Throughout the morning presenters competed in an initial round of the 3MT contest, vying for a spot in the finals where they would deliver their talks to an auditorium full of eager listeners, including President Hrabowski.

“We all were very excited about the competition, and so were the audience and participants,” says Sourabh Arsey ’16, M.S., information systems, conference chair and vice president of the Graduate Student Association. “It feels great to be part of something new and I thank the whole graduate community for supporting us.”

Emcee Dan Miller, Ph.D. student in atmospheric physics, noted that some disciplines have dissertations up to 80,000 words, so trimming that down to a jargon-free three-minute talk with just one visual aid would be quite a feat. The grand prize winner would earn a trip to the regional competition at the Council of Southern Graduate Schools, and second- and third-prize winners would receive monetary awards.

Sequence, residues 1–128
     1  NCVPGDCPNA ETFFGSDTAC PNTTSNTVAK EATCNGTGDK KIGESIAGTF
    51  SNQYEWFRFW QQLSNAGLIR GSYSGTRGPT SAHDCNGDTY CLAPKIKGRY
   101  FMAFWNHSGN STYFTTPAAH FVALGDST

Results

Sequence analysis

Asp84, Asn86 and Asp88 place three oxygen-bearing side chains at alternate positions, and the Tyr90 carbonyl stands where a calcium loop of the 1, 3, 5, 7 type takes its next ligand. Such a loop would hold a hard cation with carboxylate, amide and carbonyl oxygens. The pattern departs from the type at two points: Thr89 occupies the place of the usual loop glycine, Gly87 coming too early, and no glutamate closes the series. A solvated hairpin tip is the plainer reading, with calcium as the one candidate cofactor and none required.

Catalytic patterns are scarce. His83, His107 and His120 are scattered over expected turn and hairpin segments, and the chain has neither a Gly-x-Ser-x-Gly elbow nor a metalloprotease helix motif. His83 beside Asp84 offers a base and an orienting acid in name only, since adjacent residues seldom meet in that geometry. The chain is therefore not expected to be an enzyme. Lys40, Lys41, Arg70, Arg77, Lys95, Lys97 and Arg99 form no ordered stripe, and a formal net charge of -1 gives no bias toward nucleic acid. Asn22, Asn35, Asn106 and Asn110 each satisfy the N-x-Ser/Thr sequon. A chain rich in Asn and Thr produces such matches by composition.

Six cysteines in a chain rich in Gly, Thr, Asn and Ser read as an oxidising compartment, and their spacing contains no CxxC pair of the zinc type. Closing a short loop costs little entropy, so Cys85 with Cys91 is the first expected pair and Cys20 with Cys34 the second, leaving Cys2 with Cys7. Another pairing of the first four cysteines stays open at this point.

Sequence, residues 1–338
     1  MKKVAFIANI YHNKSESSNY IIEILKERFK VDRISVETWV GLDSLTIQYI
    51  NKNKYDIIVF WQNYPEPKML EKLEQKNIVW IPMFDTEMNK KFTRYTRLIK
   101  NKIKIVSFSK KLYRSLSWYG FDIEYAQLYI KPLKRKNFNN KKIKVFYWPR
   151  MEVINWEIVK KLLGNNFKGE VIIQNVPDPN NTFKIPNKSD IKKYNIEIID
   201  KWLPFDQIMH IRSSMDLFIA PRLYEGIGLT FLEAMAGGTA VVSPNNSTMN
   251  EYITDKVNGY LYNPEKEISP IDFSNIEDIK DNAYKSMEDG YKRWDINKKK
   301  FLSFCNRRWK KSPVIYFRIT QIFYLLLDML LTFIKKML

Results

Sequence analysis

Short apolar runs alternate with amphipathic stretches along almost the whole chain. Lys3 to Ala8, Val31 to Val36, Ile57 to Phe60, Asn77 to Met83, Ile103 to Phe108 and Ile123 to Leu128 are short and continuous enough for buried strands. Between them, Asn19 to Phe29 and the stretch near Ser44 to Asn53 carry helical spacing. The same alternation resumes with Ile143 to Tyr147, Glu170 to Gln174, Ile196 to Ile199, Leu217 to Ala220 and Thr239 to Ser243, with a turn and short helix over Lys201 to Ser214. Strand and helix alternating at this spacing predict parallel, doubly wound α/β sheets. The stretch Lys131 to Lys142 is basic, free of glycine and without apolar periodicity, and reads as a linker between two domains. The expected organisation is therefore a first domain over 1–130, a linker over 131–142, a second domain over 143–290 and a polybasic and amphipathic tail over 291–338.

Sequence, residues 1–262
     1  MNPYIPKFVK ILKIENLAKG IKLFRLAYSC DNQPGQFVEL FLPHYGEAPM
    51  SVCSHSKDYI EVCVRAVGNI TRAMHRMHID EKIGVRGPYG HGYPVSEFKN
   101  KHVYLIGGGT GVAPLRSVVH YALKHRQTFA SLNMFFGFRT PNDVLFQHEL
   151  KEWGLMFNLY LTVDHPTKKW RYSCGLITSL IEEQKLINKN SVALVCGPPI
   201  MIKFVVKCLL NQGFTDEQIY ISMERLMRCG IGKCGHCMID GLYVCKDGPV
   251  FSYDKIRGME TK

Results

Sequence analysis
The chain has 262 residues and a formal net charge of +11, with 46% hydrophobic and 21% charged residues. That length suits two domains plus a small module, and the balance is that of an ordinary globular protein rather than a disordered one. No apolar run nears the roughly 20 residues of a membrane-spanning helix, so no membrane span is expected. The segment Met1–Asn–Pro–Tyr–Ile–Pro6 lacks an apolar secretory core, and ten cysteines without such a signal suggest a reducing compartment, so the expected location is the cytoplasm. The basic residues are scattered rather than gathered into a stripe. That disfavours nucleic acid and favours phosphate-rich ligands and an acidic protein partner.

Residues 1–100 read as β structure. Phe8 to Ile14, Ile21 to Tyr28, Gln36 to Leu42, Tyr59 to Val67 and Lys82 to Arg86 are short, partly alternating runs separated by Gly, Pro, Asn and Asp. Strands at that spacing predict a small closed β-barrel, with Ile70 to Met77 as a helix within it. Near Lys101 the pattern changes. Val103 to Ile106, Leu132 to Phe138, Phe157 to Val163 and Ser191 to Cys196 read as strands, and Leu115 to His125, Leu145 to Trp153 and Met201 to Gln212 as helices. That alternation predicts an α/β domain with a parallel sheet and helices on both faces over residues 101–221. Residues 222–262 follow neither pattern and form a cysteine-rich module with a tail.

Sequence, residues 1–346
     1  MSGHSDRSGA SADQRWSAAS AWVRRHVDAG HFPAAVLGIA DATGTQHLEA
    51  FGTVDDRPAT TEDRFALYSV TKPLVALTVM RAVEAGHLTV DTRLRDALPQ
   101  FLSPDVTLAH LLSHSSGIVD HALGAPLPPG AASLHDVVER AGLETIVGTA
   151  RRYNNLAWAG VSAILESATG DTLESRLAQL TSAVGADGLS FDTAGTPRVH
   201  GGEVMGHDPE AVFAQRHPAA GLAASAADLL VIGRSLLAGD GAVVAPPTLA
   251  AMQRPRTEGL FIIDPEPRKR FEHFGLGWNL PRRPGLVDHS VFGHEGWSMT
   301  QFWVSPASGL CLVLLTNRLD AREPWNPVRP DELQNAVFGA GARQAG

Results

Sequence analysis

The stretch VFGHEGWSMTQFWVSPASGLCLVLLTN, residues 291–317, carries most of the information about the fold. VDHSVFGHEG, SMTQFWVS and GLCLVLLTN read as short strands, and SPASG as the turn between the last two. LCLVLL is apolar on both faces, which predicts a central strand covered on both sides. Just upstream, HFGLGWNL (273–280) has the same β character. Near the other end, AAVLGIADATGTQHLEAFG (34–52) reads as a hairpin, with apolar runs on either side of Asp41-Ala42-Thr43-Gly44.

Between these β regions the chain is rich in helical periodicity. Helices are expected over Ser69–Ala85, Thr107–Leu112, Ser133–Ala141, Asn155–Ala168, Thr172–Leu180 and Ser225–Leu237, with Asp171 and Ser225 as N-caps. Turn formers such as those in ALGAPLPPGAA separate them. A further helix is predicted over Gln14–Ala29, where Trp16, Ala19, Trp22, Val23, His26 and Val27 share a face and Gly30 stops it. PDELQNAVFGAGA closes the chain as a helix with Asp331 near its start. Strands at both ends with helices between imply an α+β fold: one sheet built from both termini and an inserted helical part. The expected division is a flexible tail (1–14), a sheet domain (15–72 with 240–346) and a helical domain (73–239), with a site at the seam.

The speakers quickly impressed their audience with research ranging from addressing troubling vulnerabilities in our everyday internet use, to creating “cyberphysical systems” that can help people with limited mobility become more independent, to targeting HIV drugs in ways that can avoid drug resistance. The contest winner was Kiranmayi Mangalgiri, Ph.D. student in CBEE, who spoke about the role of dissolved organic matter in determining how UV light transforms antibiotics in water impacted by agricultural runoff.

“The worst thing you can say [in describing your research] is, ‘It’s too complicated,” President Hrabowski shared just before the 3MT finals began. The presenters took to heart his advice: “Be part of the bridge…to represent your discipline [in connecting] with the public.”

Image: Daniel Orozco, Ph.D. student in atmostpheric physics, presents his research at the 2016 UMBC Graduate Research Conference. Photo by Marlayna Demond ’11 for UMBC.